BRUSSELS, Oct 7 (Reuters) - European Union regulators are looking into allegations of possible rigging of the $5 trillion-a-day foreign exchange market, the EU's antitrust chief said on Monday, days after Swiss authorities announced an investigation into the issue.
EU Competition Commissioner Joaquin Almunia told an online chat organised by the European Commission that the issue only came to light recently.
"I was informed in the last few days of possible manipulations and possible activities that might constitute breaches of competition rules involving the possible manipulation of certain types of exchange rates," he said.
"We started looking at it from the very moment that the first information got to us but I can't anticipate any further because we are starting the examination first to see what are the facts and to see who might have been responsible of any breaches," he said.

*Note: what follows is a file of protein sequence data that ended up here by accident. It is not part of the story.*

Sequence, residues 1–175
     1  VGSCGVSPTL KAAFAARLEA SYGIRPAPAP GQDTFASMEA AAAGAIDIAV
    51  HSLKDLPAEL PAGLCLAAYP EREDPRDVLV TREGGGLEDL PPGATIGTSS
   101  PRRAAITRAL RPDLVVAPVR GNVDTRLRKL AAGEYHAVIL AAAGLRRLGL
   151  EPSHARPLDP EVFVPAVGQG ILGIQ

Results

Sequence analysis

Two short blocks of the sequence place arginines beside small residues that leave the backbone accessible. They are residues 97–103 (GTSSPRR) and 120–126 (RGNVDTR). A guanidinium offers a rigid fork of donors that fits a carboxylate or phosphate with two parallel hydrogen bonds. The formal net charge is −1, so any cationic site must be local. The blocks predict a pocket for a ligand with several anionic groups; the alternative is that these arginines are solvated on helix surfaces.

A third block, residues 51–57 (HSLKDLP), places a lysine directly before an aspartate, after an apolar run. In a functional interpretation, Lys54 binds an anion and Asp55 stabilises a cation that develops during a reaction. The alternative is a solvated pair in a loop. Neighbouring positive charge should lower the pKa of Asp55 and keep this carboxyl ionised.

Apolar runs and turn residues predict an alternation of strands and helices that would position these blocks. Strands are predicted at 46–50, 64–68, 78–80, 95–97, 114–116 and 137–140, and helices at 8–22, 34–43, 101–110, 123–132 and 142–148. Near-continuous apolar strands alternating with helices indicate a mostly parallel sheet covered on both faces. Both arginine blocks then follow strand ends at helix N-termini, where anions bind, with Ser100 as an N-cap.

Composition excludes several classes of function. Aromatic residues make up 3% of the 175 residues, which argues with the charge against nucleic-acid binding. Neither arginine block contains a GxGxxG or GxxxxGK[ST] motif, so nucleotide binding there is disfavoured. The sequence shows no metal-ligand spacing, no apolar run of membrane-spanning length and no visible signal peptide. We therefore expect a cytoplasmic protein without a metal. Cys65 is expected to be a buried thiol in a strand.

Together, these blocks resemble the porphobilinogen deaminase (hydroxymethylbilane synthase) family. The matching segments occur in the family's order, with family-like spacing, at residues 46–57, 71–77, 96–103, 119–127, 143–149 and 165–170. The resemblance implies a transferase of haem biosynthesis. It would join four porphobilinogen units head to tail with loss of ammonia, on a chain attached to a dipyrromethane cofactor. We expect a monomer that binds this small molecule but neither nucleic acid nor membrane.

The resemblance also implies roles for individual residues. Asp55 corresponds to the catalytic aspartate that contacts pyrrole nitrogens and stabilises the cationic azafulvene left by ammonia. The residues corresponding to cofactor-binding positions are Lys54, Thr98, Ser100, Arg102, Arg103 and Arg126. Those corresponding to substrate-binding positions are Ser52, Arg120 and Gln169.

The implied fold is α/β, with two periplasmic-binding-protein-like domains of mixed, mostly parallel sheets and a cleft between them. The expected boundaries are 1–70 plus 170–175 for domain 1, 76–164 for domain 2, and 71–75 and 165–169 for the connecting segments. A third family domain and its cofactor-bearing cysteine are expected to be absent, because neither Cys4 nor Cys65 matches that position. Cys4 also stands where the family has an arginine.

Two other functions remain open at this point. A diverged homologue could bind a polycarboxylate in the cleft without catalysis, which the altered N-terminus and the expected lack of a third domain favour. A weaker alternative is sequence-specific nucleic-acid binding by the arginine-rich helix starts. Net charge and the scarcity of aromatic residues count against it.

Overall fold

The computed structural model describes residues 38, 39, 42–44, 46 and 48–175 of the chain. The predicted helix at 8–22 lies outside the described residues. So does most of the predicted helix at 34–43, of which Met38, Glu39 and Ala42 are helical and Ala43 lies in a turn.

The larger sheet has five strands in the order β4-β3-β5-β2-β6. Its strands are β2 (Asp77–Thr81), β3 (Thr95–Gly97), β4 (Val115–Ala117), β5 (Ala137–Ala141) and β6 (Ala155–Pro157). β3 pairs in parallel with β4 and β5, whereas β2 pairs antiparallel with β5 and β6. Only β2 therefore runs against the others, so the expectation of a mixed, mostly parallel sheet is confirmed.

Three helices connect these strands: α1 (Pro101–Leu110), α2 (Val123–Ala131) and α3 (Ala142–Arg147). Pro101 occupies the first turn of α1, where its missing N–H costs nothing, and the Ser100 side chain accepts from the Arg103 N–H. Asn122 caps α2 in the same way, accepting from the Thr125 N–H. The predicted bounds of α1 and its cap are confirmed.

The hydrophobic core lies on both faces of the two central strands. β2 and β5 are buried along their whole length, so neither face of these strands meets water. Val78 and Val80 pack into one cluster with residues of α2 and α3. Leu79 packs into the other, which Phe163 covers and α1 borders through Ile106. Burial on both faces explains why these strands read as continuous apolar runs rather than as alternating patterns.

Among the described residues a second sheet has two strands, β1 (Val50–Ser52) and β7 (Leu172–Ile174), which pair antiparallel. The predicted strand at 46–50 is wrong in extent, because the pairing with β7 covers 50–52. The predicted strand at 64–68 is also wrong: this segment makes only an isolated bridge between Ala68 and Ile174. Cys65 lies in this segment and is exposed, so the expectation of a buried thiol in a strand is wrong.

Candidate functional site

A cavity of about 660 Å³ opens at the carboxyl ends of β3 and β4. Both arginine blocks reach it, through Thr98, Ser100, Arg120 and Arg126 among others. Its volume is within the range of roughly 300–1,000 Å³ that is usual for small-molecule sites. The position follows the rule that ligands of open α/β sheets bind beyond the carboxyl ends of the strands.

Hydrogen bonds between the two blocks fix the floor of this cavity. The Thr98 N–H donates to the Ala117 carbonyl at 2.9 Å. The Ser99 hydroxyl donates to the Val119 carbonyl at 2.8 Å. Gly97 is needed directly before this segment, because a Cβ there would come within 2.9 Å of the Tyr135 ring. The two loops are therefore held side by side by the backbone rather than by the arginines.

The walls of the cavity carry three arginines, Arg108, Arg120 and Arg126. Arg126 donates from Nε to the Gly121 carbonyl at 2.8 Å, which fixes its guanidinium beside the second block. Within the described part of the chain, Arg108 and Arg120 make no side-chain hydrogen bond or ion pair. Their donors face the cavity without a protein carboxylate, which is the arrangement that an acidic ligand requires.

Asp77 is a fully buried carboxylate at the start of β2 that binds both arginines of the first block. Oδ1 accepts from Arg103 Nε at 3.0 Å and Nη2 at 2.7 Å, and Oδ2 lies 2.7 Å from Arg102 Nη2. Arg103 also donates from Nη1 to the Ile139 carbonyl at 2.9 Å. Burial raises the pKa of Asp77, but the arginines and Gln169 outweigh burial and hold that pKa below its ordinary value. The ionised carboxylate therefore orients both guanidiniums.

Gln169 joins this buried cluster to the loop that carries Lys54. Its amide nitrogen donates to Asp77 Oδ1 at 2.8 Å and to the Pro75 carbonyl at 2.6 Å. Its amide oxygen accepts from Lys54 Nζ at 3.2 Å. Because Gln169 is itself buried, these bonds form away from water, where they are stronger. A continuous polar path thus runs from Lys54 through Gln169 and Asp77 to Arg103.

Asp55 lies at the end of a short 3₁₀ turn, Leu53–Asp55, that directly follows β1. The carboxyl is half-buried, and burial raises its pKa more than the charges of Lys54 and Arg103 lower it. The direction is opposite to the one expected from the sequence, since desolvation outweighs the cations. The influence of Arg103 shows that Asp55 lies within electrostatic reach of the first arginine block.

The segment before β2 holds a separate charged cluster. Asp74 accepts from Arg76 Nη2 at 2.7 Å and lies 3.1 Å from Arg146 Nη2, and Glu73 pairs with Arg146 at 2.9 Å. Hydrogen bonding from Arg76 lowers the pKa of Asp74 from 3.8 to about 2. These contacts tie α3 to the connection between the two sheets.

Almunia said he would open an investigation if there was evidence of anti-competitive behaviour.
"If there are any breaches we could act. We are in a very, very preliminary phase ... Let's see what will be the outcome of the examination of the facts."
Switzerland's financial markets regulator said on Friday that it was working with authorities in other countries on the issue. It did not name the banks under investigation.
The currency market, the biggest market in the financial system, is one of the least regulated with most trading taking place away from exchanges.
Almunia, with the power to fine companies up to 10 percent of their global revenue for breaching EU antitrust rules, is also investigating alleged rigging of financial benchmarks. (Reporting by Foo Yun Chee; editing by Ron Askew)